America’s newest national security threat: Obesity
The viability of an all-volunteer military to maintain its competitive advantage over near-peer competitors has recently come into question by lawmakers, senior military leaders and scientists. From recruiting to readiness and retention to retirement, physical inactivity and obesity pose national security threats that the U.S. military cannot fight alone.
During a recent hearing before the Senate Armed Services Committee, Lt. Gen. David Ottignon, deputy commandant for the Marine Corps Manpower and Reserve Affairs, testified that the past year has been “arguably the most challenging in recruiting history,” mainly due to candidates not meeting physical standards or having a criminal record. This statement comes on the heels of Pentagon data showing that only 29 percent of American youth are eligible for military service, and a mere 2 percent of 17-to 21-year-olds are both eligible and have the propensity to serve.
In that same hearing, Sen. Thom Tillis (R-N.C.) stated “I’m worried we’re now in the early days of a long-term threat to the all-volunteer force,” which is supported by evidence on the impact of low physical activity and obesity on military readiness. Multiple studies across hundreds of thousands of military service members show low physical fitness and obesity, each a direct consequence of physical inactivity, to be highly correlated with musculoskeletal injuries. Musculoskeletal injuries have been labeled the number one medical impediment to military readiness, annually accounting for 25 million days of limited duty across all military branches and costing the Department of Defense $3.7 billion in medical treatment.
Public health evidence indicates that no help is on the way for the U.S. military. One recent study found that COVID-19 is responsible for a spike in obesity among an American youth population that already had 19.7 percent (14.7 million) of its members being categorized as obese. Meanwhile, a whopping 76 percent of American youth fail to meet federal physical activity guidelines, according to the U.S. Centers for Disease Control and Prevention. Additional evidence shows that Southern states, which are known for their higher rates of obesity and physical inactivity and which happen to be the most fertile ground for military recruiting, produce Army recruits who are significantly less physically fit and more likely to sustain musculoskeletal injuries than recruits from the rest of the country.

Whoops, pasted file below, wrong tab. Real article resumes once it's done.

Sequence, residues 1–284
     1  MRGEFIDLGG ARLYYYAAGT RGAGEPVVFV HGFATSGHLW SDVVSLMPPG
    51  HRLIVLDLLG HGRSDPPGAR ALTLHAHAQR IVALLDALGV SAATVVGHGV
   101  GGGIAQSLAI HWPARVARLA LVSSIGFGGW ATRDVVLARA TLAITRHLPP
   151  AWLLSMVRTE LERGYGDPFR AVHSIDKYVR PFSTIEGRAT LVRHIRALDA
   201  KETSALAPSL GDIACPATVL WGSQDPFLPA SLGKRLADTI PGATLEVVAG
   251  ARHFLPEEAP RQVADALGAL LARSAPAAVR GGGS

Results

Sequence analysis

The public health and military communities have separately identified obesity and physical inactivity to be threats to our nation’s health and security. These communities recognize that a bootstrap mentality that relies on individual Americans to “get in shape and lose weight” has not worked. What will work are policies and systems that increase access to healthier food options and increase opportunities for physical activity where Americans live, learn, work, commute, play and pray. Presidents Eisenhower and Kennedy recognized the importance of physical activity and healthy nutrition for national security, establishing what is now known as the President’s Council of Fitness, Sports and Nutrition.
While facing near-peer threats that are at their highest point since the Cold War, it is time that the National Security Council prioritize obesity and low physical activity in the national security strategy and provide the guidance and resources to help our military maintain its force structure and lethality.
With a nation more divided than perhaps any time in modern history, it is also high time for our elected and appointed leaders at national, state and local levels to narrow this divide by weaving evidence-based solutions for increasing physical activity and decreasing obesity into the fabric of our culture, such as the National Youth Sport Strategy, Active People, Healthy Nation and the U.S. National Physical Activity Plan.
If implemented, these national strategic plans, along with other state-, municipal- and territorial-level obesity and physical activity plans will provide the solutions required to ensure the short- and long-term viability of our all-volunteer force.
Failure to address the physical inactivity and obesity epidemics, within and outside our military population, will weaken our global position.
Daniel B. Bornstein, Ph.D. is chair of the Military Settings Sector of the U.S. National Physical Activity Plan. Previously, he was a tenured professor in the Department of Health and Human Performance and director of the Center for Performance, Readiness, Resiliency, and Recovery at The Citadel, the Military College of South Carolina.